Barrayar is a science fiction novel by American writer Lois McMaster Bujold. It was first published as four installments in Analog in July–October 1991, and then published in book form by Baen Books in October 1991. Barrayar won both the Hugo Award for Best Novel and the Locus Award for Best Science Fiction Novel in 1992. It is a part of the Vorkosigan Saga, and is the seventh full-length novel of the series, in publication order. Barrayar is a direct sequel to Bujold's first novel, Shards of Honor (1986), and the two are paired in the 1996 omnibus Cordelia's Honor.
|Author||Lois McMaster Bujold|
|Audio read by||Grover Gardner|
|Cover artist||Stephen Hickman|
|Awards||Locus Award for Best Science Fiction Novel (1992)|
|Preceded by||The Vor Game|
|Followed by||Mirror Dance|
Cordelia and Aral Vorkosigan are expecting their first child. Before crafty old Emperor Ezar Vorbarra dies, he maneuvers a very reluctant Aral into agreeing to serve as regent for Ezar's young grandson Gregor. A plot to assassinate the Vorkosigans with poison gas fails, but the antidote, while effective, is also a powerful teratogen that poses a grave threat to the bone development of their unborn son. In a desperate attempt to save the fetus, Cordelia has it transferred to a uterine replicator—an artificial womb—to undergo experimental treatment that may partially combat the otherwise-fatal bone damage. Barrayar, due to its harsh environment, has fostered a deep loathing for mutations, and babies with even minor birth defects are routinely euthanized. Aral's father, Count Piotr Vorkosigan, seeks to abort the fetus rather than have the Vorkosigan name and title passed on to a "deformed mutant," but a furious Cordelia keeps him at bay.
When Count Vidal Vordarian attempts a coup, five-year-old Gregor is rescued by his loyal security chief, Captain Negri, and reunited with the Vorkosigans. Cordelia, Gregor and bodyguard Konstantin Bothari hide from Vordarian's men in the hills, while Aral and his father organize the resistance.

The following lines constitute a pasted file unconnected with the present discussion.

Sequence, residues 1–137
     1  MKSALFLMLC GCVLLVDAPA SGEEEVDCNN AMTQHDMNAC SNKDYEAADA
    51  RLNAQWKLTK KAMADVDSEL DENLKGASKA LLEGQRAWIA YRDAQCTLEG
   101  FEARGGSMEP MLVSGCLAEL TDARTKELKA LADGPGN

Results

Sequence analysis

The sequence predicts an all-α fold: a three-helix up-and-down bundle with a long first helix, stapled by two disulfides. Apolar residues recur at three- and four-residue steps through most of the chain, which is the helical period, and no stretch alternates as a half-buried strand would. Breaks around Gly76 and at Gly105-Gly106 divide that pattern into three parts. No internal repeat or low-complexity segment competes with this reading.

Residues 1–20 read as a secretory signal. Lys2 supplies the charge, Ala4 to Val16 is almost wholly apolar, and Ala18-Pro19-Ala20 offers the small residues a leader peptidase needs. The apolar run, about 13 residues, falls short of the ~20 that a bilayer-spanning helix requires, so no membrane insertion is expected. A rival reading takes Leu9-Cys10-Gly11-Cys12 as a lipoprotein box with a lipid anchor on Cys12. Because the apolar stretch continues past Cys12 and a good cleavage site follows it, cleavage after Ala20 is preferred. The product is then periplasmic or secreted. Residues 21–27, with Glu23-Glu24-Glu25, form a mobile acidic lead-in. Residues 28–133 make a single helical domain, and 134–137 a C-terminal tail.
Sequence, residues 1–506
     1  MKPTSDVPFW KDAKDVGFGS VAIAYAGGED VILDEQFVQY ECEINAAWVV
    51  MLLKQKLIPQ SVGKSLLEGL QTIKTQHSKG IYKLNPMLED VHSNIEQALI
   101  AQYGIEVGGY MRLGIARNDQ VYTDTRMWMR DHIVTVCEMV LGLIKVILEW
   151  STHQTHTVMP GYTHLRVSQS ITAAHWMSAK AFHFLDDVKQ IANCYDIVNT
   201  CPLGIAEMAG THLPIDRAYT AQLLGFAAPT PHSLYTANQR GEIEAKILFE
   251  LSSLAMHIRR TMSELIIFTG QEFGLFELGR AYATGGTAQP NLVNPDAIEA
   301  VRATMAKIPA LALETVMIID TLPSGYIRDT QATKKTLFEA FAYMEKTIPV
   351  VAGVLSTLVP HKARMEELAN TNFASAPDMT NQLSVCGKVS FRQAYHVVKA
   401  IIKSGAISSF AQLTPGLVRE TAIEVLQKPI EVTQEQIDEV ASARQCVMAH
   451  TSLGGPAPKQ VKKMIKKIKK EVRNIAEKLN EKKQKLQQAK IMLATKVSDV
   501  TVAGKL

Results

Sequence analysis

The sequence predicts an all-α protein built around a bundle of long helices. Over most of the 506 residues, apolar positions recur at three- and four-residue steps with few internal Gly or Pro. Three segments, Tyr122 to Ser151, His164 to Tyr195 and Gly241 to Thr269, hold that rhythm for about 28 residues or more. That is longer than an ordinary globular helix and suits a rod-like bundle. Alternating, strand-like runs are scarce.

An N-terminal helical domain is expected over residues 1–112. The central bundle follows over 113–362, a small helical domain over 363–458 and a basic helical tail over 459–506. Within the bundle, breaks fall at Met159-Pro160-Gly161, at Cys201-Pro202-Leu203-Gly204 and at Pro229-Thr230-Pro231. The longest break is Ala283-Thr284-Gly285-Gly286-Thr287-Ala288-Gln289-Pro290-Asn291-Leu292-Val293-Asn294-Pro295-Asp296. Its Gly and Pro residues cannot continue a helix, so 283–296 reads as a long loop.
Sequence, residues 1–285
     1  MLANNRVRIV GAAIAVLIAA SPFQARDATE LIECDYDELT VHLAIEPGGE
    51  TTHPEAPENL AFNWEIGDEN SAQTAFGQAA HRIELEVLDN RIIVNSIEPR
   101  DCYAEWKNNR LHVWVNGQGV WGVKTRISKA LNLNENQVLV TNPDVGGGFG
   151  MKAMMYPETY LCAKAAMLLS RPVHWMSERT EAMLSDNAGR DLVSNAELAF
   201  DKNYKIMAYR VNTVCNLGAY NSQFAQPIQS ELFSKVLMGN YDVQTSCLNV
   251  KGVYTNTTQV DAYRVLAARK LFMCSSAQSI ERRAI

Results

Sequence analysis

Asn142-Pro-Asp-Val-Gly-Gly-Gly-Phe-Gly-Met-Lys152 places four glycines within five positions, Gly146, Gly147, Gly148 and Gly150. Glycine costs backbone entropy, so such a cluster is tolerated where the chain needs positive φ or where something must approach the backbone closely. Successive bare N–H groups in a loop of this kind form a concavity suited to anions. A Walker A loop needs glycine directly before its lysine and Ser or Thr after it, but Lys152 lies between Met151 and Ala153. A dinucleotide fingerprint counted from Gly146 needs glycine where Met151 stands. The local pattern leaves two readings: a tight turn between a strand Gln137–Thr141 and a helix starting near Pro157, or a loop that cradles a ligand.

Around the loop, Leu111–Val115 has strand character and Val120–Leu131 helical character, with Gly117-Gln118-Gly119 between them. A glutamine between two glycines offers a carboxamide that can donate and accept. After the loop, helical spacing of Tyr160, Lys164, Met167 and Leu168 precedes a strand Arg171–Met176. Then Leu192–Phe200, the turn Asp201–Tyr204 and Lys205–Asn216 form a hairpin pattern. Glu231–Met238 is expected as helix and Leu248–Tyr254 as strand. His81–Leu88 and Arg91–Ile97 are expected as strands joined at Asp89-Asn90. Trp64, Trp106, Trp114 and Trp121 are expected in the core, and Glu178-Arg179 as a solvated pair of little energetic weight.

After Cordelia rejoins Aral, they learn that the replicator containing their child, whom they have named Miles, needs periodic maintenance. Without it, the fetus will succumb within six days, but Aral refuses to attempt a rescue when there are far greater concerns. However, Cordelia's personal bodyguard, Ludmilla Droushnakovi, was previously stationed at the palace and knows several top-secret ways to slip inside undetected. Cordelia, Droushnakovi and Bothari set out to rescue Miles and hopefully Gregor's mother, Princess Kareen. When Clement Koudelka, one of Aral's officers, finds out, they kidnap him and persuade him to help out. In the city, they witness the capture of Lady Alys Vorpatril and the murder of her husband, Padma. They rescue Alys, who is pregnant with Ivan Vorpatril. While in hiding, she delivers her son with Bothari's help; he learned midwifery watching his mother minister to others. Cordelia dispatches Koudelka to get her to safety and sets out with Bothari and Droushnakovi to get Miles. Once in the palace, Cordelia and her party are caught in a trap. They manage to overpower their captors, but not before Princess Kareen is killed. In the ensuing confusion, Bothari sets fire to part of the Imperial Palace to cover their retreat as they take Vordarian himself hostage. When Vordarian defies Cordelia, she orders Bothari to behead him. They escape with the replicator—and Vordarian's head. Cordelia returns to Aral's base and deposits the head on a table in front of some of Vordarian's wavering allies. Without its leader, the coup falls apart.
Miles is born, fragile and deformed. Five years later, he has very brittle bones, but is very active, rambunctious and intelligent, capturing even Piotr's affection.
In a side plot, Koudelka and Droushnakovi fall in love before the coup and indulge in sex at Vorkosigan House. Cordelia, being a liberal-minded Betan, sees no harm in this, but they are ashamed, and a misunderstanding arises. While they are in hiding during the coup, Cordelia acts as a traditional "go-between" to patch up their relationship. After the coup, they marry, and in novels set later, are the parents of four young women who combine brains, beauty and, thanks to their mother's training, unarmed combat skills.
The New York Review of Science Fiction (October 1998, number 122) summarizes Barrayar as:
open(ing) the later stage of Bujold's oeuvre, most obviously because of its quantum jump in power, complexity and originality, such as the handling of Bothari, and its excursions into women's territory previously untravelled in SF, but also because it initiates a kind of second, deeper pass over the landscape of the earlier books.